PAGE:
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Have you been charged with domestic violence in Orange County? If you answered yes, it is important that you start to plan your case and review your legal options with a professional domestic violence attorney. Without representation from a qualified lawyer, you stand little chance of avoiding conviction.
The Law Offices of Virginia L. Landry has successfully handled a vast array of domestic violence cases in Orange County, Aliso Viejo, and surrounding areas. As a defense attorney with years of experience, Attorney Virginia L. Landry can provide you with the advice and aggressive representation you need to obtain a winning outcome.
Questions About Domestic Violence Charges? Contact Our Firm For a Free Consultation.
California’s Domestic Violence Laws
California law defines domestic violence as threatening abuse or actual physical violence between those who are living together or are currently in an intimate relationship. Domestic violence can also occur between family members. The familiarity between the victim and the alleged abuser are what differentiate this type of charge from simple assault or battery charges, as examples.
Example of abuse may include:
- Causing physical pain, whether intentional or not
- Sexual abuse or assault
- Emotional abuse
- Financial abuse
- Using threats or intimidation with the intent to cause harm
- Stalking, or destroying the property of another
Domestic Violence Is Not Limited to Physical Abuse
What is important to note about domestic charges with regards to California law, is that there does not need to be physical abuse to charge someone, especially if there are internal injuries that are not immediately detectable. Victims can suffer from any number of emotional and psychological abuses that are not always outwardly apparent. Both sides may also face domestic violence charges if the evidence discovered supports the accusation.
Moreover, the victim cannot choose to drop the charges—only prosecutors can make the decision. Depending on the circumstances, may or may not elect to drop the charges if they believe the case is worth pursuing. There have been cases when spouses wish to drop the charges and wish not to testify against their spouse or family member, only to be later arrested for refusing.
When Is Domestic Violence a Felony in California?
Depending on the severity of the crime, domestic violence may be tried as a felony or misdemeanor offense. In most cases, domestic violence is classified as a misdemeanor.
However, charges may be amplified if the person being charged has:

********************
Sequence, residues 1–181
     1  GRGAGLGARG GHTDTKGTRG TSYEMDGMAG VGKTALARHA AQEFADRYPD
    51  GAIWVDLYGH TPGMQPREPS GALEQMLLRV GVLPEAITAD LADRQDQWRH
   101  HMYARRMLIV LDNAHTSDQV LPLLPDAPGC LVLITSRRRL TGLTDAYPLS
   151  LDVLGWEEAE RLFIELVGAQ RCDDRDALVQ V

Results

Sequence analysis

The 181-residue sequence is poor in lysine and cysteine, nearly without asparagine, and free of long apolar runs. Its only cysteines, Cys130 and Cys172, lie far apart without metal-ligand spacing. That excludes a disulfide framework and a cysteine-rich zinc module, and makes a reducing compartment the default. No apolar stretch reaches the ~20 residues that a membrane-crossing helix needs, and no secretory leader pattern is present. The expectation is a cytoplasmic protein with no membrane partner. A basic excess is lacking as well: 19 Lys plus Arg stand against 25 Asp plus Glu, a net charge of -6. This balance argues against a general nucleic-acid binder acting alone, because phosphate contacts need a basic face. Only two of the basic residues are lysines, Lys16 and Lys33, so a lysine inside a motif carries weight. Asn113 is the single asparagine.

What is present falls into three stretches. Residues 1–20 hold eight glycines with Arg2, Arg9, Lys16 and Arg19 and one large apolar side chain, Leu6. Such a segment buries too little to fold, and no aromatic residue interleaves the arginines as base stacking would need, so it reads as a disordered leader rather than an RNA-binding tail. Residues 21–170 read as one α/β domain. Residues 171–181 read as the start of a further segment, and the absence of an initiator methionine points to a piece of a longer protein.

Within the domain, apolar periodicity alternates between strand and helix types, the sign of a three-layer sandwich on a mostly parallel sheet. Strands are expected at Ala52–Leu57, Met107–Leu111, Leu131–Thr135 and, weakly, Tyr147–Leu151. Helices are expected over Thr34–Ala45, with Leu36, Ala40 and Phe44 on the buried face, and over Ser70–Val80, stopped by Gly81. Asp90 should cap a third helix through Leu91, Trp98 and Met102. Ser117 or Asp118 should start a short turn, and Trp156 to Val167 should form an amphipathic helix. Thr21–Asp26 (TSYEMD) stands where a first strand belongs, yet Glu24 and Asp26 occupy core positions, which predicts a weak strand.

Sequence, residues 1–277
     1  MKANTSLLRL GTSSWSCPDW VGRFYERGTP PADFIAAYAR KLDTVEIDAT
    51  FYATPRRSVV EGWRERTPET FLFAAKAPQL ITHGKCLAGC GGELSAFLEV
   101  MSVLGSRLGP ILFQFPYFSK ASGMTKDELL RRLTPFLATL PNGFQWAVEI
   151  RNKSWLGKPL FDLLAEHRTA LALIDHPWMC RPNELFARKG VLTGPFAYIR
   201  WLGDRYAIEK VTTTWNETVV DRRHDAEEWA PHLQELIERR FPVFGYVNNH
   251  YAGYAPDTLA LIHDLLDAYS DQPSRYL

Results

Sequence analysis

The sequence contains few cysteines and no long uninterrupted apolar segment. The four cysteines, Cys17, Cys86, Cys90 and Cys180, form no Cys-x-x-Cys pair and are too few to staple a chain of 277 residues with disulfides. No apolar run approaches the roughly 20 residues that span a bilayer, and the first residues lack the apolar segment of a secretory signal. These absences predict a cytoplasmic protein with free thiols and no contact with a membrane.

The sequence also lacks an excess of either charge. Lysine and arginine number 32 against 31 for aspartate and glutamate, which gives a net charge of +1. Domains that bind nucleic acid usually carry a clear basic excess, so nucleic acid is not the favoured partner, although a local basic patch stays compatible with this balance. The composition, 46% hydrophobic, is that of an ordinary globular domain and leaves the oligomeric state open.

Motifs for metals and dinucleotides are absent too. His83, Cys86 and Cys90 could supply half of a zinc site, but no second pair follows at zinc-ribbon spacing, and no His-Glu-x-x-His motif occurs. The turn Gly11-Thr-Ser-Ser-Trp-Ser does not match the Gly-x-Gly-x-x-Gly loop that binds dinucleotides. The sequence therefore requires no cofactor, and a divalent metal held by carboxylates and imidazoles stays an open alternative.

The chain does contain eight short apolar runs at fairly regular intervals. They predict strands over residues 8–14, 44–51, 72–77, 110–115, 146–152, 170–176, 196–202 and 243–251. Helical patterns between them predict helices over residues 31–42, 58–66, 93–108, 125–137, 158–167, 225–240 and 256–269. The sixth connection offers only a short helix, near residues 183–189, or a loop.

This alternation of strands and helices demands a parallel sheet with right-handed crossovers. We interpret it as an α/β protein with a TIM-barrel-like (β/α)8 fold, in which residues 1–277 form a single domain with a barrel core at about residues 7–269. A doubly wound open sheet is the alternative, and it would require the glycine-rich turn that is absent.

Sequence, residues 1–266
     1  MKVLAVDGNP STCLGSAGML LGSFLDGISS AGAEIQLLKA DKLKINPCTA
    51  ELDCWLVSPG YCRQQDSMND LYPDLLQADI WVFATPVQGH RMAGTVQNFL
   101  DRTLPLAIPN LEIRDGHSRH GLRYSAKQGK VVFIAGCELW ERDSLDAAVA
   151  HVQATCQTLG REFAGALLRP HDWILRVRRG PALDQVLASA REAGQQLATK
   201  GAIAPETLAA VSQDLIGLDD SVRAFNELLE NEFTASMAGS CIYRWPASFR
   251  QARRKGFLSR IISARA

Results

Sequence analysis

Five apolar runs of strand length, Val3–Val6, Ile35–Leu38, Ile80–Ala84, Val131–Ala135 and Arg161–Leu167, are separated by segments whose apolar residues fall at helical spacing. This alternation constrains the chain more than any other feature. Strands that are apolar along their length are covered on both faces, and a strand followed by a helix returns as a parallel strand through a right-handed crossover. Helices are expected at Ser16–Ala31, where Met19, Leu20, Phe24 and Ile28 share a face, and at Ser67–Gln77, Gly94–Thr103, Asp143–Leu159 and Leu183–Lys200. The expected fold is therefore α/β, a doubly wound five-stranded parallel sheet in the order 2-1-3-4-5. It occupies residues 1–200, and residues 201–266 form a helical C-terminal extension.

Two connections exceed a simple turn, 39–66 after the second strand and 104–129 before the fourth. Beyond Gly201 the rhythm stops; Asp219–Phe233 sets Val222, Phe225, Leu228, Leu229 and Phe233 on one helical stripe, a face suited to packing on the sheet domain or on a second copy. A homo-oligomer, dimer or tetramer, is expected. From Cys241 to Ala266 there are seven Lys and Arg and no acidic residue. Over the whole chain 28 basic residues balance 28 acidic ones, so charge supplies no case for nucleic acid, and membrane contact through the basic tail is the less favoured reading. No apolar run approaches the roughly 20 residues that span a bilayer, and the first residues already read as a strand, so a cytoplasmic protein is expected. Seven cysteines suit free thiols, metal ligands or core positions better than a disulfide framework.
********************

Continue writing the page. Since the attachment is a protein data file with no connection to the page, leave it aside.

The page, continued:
- Caused injury to a minor
- Sexually assaulted the victim
- Sexually assaulted a minor
- Caused the victim bodily harm
- Prior domestic violence convictions
- Prior criminal convictions
Domestic Violence Penalties in California
The state takes domestic violence cases seriously and as such, the consequences for domestic violence are also very serious. Individuals convicted of domestic violence face harsh legal punishments.
Penalties for domestic violence can include:
- Heavy fines
- Community service
Consequences of Domestic Violence on Your Life
If you are convicted of a domestic violence offense, you may face negative effects in your personal and professional life even after you’ve served your time or paid your dues.
Some of the long-lasting effects of a domestic violence conviction can include:
- Criminal record
- Limited employment opportunities
- Loss of gun rights
- A restraining order that prevents you from contact with the victim, and can even affect your custody rights
Because of the seriousness of these charges and the fact that they can be viewed negatively by potential employers, it is crucial that accused individuals speak to experienced criminal defense attorneys as soon as possible.
What If a Victim Doesn’t Want to Press Charges?
In most states, once a victim reports an incident of physical, sexual, and/or psychological abuse to law enforcement, the person who abused the victim can be charged with domestic violence. However, in the state of California, a person can be charged with domestic violence even if the victim does not report an incident.
Once a person is charged with domestic violence by California law enforcement, his/her charges cannot be dropped unless the prosecutor handling his/her cases decides to drop them. Even if the victim who sought legal action wishes to have the charges dropped at a later time, he/she does not have the power to do so. Only the prosecutor has the legal right to drop charges against a domestic violence offender. And, after domestic violence charges have been pressed, it is very unlikely that they will be dropped.